The biggest mistakes people make after bankruptcy
1. Avoiding credit – I understand why some people want to avoid credit – they equate it with pain. But it wasn’t the credit or credit card that got you into trouble, it was the accumulation of debt that couldn’t be paid.
If you can responsibly own sharp knives, you can responsibly carry a credit card. It’s just about conscious personal responsibility.
If you shun credit after bankruptcy, it’s only going to slow the rebuilding of your credit score. And a better credit score leads to lower-cost loans, insurance, and other things.
2. Avoiding credit cards – See above for some of the reasons. Too many people think debit cards are somehow better than credit cards. From a safety of use and a consumer protection point of view, that’s not supported by the facts.
- A debit card is not regulated by the same laws that protect credit card use.
- A mistake in a debit card transaction comes right out of your bank account.
- When you give someone your debit card you are giving them electronic access to your money.
- Debit cards don’t build credit.
- If you have the money to pay for something with a debit card, you have the money to pay for it on a credit card.
- Debit card overdrafts result in some of the most expensive credit around. Even more expensive than a payday loan.
3. Not looking at your credit report – A month or so after you receive your final bankruptcy discharge, get copies of your credit reports.
The consolidated credit report I prefer comes with a fee, but in my experience its format makes it easier to read and spot errors. You can also get individual free copies of your credit reports from annualcreditreport.com.
Once you get all three credit reports, make sure every account that was included in your bankruptcy is listed. Look at the public records section and make sure it lists the bankruptcy as well. Also look for any accounts you don’t recognize or are not yours and dispute them.
It’s important to make sure the door is closed and clock stopped on old debts that were discharged in your bankruptcy.
4. Living with fear or shame – So you filed bankruptcy. So what?
The more you try to hide your bankruptcy, the more it will eat at you. Live with it. You did what you did because you had few other options. Your life hasn’t ended, you’re not on fire, and nobody poked you in the eye with a sharp stick.
It’s time to live for tomorrow, not yesterday. If you’re still feeling blue, read Is Bankruptcy Sinful and Bad or Right and Moral? An Examination.
5. Losing your bankruptcy paperwork – Put your bankruptcy paperwork with all your other important papers. You will need to hang onto that for life. The most likely reason you’ll need it is if a creditor comes back later and says their account wasn’t included in your bankruptcy.
6. Fearing filing bankruptcy will make it harder to get a job – The facts and research just don’t support this urban myth. If you want to know more, see Getting a Job After Bankruptcy. Don’t let the fact you filed bankruptcy hold you back from seeking a better job.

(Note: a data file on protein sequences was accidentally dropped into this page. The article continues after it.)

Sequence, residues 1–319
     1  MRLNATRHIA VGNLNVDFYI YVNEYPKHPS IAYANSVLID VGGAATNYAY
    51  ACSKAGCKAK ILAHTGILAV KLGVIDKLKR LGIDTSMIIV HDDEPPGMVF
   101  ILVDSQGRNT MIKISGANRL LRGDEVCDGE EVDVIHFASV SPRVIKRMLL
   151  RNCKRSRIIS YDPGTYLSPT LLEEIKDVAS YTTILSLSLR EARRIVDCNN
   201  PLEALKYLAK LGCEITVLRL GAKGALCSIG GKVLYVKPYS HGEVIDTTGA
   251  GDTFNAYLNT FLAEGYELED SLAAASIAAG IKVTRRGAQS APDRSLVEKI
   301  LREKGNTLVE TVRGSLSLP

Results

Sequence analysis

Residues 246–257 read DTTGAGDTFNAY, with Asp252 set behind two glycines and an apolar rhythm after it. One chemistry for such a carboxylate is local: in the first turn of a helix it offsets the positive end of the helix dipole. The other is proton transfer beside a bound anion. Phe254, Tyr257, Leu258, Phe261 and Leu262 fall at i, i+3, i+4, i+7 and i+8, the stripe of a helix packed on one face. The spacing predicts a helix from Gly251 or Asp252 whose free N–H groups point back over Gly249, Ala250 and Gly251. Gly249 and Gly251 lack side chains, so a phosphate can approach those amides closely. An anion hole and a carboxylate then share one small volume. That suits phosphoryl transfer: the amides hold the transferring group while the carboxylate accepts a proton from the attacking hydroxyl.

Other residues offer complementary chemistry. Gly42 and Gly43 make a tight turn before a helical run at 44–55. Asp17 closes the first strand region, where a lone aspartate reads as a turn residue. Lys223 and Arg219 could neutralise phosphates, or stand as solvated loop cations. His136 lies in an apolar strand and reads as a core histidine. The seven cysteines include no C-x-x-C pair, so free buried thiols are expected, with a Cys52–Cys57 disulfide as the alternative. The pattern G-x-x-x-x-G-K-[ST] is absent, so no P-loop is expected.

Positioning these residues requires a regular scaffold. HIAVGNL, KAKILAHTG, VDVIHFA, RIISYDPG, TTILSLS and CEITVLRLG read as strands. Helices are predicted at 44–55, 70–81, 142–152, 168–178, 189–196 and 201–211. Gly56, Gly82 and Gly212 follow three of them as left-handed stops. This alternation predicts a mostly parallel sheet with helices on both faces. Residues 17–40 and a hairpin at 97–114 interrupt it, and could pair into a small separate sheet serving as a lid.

What you need to do to quickly rebuild a better financial life after bankruptcy
1. Start rebuilding your credit immediately – Don’t avoid credit: Get back in the game as quickly as possible after your discharge.
If you want to rebuild your credit score and improve your credit report, apply for a secured credit card that reports to all three credit bureaus. It’s the reporting of your new good and on-time payments that will rebuild your credit score.
Don’t be surprised if you start receiving credit offers in the mail right after your bankruptcy. Avoid the ones with high fees and low credit limits. For more, see How to Easily Rebuild Your Credit and Have Good Credit Again.
2. Start saving money – It’s important to start saving for two reasons. The first is to build an emergency fund so you don’t have to fall back on credit if a financial surprise happens. Make sure you have at least a few thousand dollars. Second, you’ll probably need or want a home or car in the future. The larger your down payment, the easier the approval and the lower the interest rate will be.
3. Start investing – If your employer provides matching funds in the company 401(k), invest at least enough to get their free money. Otherwise you’re turning away a guaranteed 100 percent return on your investment.
And never borrow from your 401(k), IRA, or 401(b). Keep that money off-limits and protected for your retirement. I’ve yet to meet anyone who said they retired with too much money.
4. Learn from your mistake – I always say there’s no sense wasting a perfectly good mistake. The real tragedy isn’t bankruptcy, it’s not learning anything from the experience. Take a good look at what led up to your mess, then make every effort to avoid those problems in the future.
And that’s it. As you can see, the mistakes are easy to spot and the steps to begin rebuilding a better life are simple.
There’s no reason why, if you follow this advice, you can’t have better credit than before or buy a new car next year or a new home in a couple of years.
Don’t let people tell you otherwise. Bankruptcy is survivable.
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